As one year winds down and another revs up, among your most important tasks is to line up the elements of your business budget. If any of the major items are askew, it could diminish the value of the time you put into the budgeting process and weaken the effectiveness of the budget itself.
Start with the numbers
A good place to start on next year’s budget is with the numbers you put on paper for last year, and your year-to-date results. Begin with your income statement, the first of every budget’s three primary components. Here you’ll see information on sales, margins, operating expenses, and profits or losses.
One specific factor to consider is volume. If sales have slipped noticeably in the preceding year, your profits may be markedly down and regaining that volume should likely play a starring role in your 2014 budget.
The second primary budgetary component is the cash flow statement. It shows you where cash is coming from in terms of daily operations, as well as external financing and investment sources. The statement also tells you where cash is going, as you finance business activities and investments.
Even profitable companies can struggle if their cash flow is weak. Where do they go wrong? Under- or unbudgeted asset purchases can have a major negative budget impact. Another culprit is one or two departments regularly going over budget.
The last primary component of business budgets is the balance sheet. Here you’ll find your company’s assets, liabilities and owner’s equity within the given period. Your balance sheet should give you a good general impression of where your company stands financially.
Take a close look at how your liabilities compare with assets. If your debts are mounting, a good objective for 2014 might be cutting discretionary expenses (such as bonuses or travel costs) or developing a sound refinancing plan.
Review inventory and services
Your financials — where they stood last year and where you might set them going into next year — are important. But there are other elements of your business to consider.
Carrying too much inventory, for example, can devastate a budget as the value of the surplus items drops throughout the year. One fundamental way of making your cash flow statement shine is to minimize inventory so you have just enough to fulfill demand. Doing so:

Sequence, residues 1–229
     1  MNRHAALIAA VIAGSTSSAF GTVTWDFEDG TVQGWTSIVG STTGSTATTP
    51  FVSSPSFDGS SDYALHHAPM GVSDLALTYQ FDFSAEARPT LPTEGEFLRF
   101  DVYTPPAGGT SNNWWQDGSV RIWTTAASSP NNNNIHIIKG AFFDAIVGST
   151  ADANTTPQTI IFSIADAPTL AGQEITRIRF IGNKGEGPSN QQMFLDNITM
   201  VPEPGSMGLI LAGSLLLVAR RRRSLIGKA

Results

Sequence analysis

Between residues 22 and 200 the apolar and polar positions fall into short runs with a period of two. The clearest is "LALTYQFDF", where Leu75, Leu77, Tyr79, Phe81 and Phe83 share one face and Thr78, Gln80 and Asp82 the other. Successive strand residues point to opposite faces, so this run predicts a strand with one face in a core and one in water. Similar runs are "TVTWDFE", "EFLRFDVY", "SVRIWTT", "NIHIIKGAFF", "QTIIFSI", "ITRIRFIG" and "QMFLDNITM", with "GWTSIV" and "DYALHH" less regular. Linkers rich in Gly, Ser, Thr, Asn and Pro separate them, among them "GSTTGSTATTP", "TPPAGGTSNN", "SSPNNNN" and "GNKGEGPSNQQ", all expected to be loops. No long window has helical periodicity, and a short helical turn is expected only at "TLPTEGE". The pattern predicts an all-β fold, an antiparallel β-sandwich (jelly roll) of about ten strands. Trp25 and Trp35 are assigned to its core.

- Reduces interest and storage costs
- Improves your ability to prevent fraud and theft
- Increases your capacity to track what’s in stock
One item to perhaps budget for here: upgraded inventory tracking and ordering software. Newer applications can help you better forecast demand, minimize overstocking, and even share data with suppliers to improve accuracy and efficiency.
If yours is more of a services-oriented business, you can still apply a similar approach. Check into whether you’re “overstocking” on services that just aren’t adding enough revenue to the bottom line. Keeping infrastructure and, yes, even employees in place that aren’t improving profitability is much like leaving items on the shelves that aren’t selling.
For many companies, a gulf still exists between risk assessment and the budgeting process. Failing to consider major risks could leave you vulnerable to high-impact hits to your budget as these threats materialize.
One type of risk to consider is competitive. If a larger competitor has moved into your market, you may need to allocate more funds for advertising and marketing. Then again, if a long-time rival has closed up shop, you could need to merely boost short-term ad dollars and then channel more money into operations as business picks up.
Another risk is compliance — many business sectors are now subject to increased regulatory oversight. State governments, in particular, are generally more aggressive in their efforts to gather additional revenue. Be it health care benefits, hiring or independent contractor policies, or waste disposal, factor compliance requirements into your budget.
A third type of risk to consider is internal. Although the national economy is far better than it was five or six years ago, fraudsters have plenty of other excuses from which to draw. If this year’s budget suffered from fraud losses, allocating dollars to tightened internal controls will be necessary.
Of course, fraud isn’t the only internal risk to consider. Will your hiring costs rise in 2014 because of anticipated turnover? Will training expenses go up because of a strategic initiative?
Look at the big picture
Perhaps the simplest budgetary question to pose to yourself and your management team is whether next year should be a growth year or one for holding steady or even playing catch-up. From there, your financials, inventory or services, and risk assessments can point the way to a sound, flexible budget.